[OPE-L:2834] Re: Re: relabeling commodities, value, and socialism

From: clyder (wpc@dcs.gla.ac.uk)
Date: Thu Apr 13 2000 - 05:12:25 EDT

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> Reply to Allin's [OPE-L:2829]:
> > Marx
> > says that the "division of a product into a useful thing and a
> > value [characteristic of the commodity] becomes practically
> > important, only when exchange has acquired such an extension
> > that useful articles are produced for the purpose of being
> > exchanged, and their character as value has therefore to be
> > taken into account, beforehand, during production" (Capital, I,
> > ch. 1 sect. 4).
> Marx also says at the beginning of that section that: "A commodity appears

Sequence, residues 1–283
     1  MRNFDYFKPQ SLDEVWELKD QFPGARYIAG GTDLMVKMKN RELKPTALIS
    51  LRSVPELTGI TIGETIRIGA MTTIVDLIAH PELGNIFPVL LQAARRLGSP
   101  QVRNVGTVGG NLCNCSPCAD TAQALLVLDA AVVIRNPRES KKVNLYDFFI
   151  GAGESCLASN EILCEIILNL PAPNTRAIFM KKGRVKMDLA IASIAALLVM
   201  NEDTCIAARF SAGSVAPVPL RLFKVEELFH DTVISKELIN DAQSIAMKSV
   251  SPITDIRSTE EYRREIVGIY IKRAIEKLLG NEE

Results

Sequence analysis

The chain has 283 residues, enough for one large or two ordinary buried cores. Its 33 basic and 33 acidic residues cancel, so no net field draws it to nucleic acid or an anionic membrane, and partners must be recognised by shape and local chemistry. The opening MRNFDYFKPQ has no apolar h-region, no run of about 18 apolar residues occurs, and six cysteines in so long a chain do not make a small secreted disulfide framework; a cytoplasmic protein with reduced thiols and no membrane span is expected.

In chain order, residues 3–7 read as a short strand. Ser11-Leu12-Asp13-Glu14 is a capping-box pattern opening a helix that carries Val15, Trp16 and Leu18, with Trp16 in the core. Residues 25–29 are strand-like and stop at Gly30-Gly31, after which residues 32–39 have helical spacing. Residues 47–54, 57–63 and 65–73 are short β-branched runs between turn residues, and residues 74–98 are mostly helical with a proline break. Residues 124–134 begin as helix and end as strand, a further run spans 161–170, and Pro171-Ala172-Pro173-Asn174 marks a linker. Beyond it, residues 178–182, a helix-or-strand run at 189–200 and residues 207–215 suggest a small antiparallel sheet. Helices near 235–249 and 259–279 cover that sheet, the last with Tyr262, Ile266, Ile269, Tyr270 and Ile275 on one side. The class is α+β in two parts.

> at first sight an extremely obvious, trivial thing. But its analysis
> brings out that it is a very strange thing, abounding in metaphysical
> subtleties and theological niceties". A comprehension of the "magical
> character of the commodity" as explained by the fetishism of the commodity
> is *certainly* a different understanding of the meaning of the term
> "commodity" than is generally used by economic historians -- who would
> indeed (mostly) view such a characterization as "idiosyncratic".

Yes but this is not at issue, we are not discussing fetishism but whether
commodity production, according to Marx, is co-extensive with capitalism.
The passage quoted implies that it is not, all that is required is that it
is produced for the purpose of exchange. Sugar was produced
on Jamaican slave plantations for sale as a commodity, as were
cattle sheep and horses on Sicilian latifundia. The debate is not
about fetishism but about slave production of commodities.

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